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A Nuclear Site Is Breached

An underreported attack on a South African nuclear facility last month demonstrates the high risk of theft of nuclear materials by terrorists or criminals. Such a crime could have grave national security implications for the United States or any of the dozens of countries where nuclear materials are held in various states of security.

Shortly after midnight on Nov. 8, four armed men broke into the Pelindaba nuclear facility 18 miles west of Pretoria, a site where hundreds of kilograms of weapons-grade uranium are stored. According to the South African Nuclear Energy Corp., the state-owned entity that runs the Pelindaba facility, these four “technically sophisticated criminals” deactivated several layers of security, including a 10,000-volt electrical fence, suggesting insider knowledge of the system. Though their images were captured on closed-circuit television, they were not detected by security officers because nobody was monitoring the cameras at the time.

So, undetected, the four men spent 45 minutes inside one of South Africa’s most heavily guarded “national key points” — defined by the government as “any place or area that is so important that its loss, damage, disruption or immobilization may prejudice the Republic.”

Eventually, the attackers broke into the emergency control center in the middle of the facility, stole a computer (which was ultimately left behind) and breached an electronically sealed control room. After a brief struggle, they shot Anton Gerber, an off-duty emergency services officer. Gerber later explained that he was hanging around because he believed (reasonably, in retrospect) that his fiancee — a site supervisor — was not safe at work. Although badly injured, Gerber triggered the alarm, setting off sirens and lights and alerting police stationed a few miles away.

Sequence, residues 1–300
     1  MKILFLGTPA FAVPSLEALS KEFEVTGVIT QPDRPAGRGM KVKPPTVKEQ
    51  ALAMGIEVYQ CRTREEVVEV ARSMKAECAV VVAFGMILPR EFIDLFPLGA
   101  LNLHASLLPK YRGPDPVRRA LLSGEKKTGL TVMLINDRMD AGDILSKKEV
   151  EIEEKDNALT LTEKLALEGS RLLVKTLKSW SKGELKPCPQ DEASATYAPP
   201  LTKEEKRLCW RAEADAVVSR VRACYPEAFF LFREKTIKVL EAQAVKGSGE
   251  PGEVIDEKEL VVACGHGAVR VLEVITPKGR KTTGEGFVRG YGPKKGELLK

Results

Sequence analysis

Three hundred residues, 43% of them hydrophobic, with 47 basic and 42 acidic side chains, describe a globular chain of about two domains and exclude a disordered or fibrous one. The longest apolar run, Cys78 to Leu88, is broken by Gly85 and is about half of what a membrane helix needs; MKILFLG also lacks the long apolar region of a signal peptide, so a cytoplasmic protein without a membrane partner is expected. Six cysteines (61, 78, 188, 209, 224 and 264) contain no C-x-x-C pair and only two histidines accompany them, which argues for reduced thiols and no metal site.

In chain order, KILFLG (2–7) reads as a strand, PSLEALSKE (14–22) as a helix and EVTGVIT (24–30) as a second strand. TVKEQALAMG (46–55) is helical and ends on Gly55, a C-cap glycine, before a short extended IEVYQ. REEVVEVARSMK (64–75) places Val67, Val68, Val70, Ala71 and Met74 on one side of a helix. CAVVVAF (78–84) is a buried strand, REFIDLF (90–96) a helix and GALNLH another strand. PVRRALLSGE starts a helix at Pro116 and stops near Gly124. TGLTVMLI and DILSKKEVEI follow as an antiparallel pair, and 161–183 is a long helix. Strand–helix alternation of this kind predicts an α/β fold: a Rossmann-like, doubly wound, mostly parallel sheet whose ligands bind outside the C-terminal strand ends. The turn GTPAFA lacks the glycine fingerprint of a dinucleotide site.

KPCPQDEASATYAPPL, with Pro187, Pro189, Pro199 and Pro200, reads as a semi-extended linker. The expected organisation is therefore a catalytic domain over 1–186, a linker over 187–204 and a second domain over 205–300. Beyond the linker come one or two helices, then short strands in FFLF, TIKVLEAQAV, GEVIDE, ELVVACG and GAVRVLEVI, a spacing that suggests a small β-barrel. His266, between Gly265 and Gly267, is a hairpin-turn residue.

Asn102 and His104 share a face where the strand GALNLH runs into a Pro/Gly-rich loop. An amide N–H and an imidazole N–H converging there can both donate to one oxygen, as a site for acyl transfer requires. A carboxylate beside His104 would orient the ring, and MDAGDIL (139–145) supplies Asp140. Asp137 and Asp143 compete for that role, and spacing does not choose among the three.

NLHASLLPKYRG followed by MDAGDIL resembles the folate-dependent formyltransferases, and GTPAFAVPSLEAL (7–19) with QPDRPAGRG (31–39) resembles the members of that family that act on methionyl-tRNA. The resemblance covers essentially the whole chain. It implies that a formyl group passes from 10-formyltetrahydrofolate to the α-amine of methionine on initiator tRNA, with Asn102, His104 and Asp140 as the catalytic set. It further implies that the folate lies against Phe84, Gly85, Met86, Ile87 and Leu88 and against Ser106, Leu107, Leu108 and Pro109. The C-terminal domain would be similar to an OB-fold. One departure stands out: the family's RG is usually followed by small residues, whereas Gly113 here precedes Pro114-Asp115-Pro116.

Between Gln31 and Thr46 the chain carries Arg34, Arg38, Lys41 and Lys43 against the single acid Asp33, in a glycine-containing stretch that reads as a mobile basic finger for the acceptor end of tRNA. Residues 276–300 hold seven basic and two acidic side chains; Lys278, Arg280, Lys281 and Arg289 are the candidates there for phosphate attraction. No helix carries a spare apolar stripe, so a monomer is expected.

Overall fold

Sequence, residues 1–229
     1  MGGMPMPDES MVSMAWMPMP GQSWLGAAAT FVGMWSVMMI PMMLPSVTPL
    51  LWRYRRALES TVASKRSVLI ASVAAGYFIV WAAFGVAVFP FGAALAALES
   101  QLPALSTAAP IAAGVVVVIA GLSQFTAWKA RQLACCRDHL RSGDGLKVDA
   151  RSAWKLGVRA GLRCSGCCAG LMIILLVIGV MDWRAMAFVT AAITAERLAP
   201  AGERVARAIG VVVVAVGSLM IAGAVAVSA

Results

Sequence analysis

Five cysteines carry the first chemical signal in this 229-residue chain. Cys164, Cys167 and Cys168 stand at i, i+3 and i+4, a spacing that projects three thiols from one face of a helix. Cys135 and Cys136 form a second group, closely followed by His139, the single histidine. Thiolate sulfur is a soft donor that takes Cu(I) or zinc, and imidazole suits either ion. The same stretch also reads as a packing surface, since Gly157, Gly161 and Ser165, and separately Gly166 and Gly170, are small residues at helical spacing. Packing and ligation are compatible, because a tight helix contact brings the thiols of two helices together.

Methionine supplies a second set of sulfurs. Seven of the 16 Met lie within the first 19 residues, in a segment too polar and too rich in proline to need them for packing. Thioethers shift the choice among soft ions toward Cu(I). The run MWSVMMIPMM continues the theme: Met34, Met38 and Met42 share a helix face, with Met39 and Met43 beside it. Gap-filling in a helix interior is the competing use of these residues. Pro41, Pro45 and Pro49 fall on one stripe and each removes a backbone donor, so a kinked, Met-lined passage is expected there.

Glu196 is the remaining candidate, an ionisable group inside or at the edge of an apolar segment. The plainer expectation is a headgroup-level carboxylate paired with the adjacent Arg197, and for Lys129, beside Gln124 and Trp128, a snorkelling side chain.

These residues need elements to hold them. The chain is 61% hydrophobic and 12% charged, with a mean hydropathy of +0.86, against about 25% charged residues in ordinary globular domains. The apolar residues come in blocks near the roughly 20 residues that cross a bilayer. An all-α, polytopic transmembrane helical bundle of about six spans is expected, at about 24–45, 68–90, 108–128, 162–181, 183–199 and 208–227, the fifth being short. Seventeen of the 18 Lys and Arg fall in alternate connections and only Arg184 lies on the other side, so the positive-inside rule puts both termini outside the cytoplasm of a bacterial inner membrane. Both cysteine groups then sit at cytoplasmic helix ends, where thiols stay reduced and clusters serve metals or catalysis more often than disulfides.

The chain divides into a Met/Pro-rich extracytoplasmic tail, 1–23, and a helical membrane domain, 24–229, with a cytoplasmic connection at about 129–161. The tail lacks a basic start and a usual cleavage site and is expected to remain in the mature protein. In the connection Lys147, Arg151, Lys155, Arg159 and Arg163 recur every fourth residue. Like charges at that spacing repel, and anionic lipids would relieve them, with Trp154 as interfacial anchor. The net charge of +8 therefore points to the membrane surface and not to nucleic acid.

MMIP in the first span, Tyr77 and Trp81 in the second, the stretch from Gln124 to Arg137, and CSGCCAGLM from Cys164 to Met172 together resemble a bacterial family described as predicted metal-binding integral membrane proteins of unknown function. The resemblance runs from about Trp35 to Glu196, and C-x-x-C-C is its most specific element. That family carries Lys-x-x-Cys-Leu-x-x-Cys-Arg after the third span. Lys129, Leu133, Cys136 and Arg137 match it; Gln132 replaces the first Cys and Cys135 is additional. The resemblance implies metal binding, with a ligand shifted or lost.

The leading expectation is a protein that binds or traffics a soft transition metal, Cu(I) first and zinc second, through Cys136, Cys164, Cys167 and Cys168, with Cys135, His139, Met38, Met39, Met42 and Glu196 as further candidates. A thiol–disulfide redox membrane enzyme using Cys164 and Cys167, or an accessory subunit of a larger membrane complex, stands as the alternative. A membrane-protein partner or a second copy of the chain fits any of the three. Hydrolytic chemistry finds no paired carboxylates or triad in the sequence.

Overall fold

Nevertheless, the four escaped, leaving the facility the same way they broke in.

Amazingly, at the same time those four men entered Pelindaba from its eastern perimeter, a separate group of intruders failed in an attempt to break in from the west. The timing suggests a coordinated attack against a facility that contains an estimated 25 bombs’ worth of weapons-grade nuclear material. On Nov. 16, local police arrested three suspects, ranging in age from 17 to 28, in connection with this incident.

Washington Post

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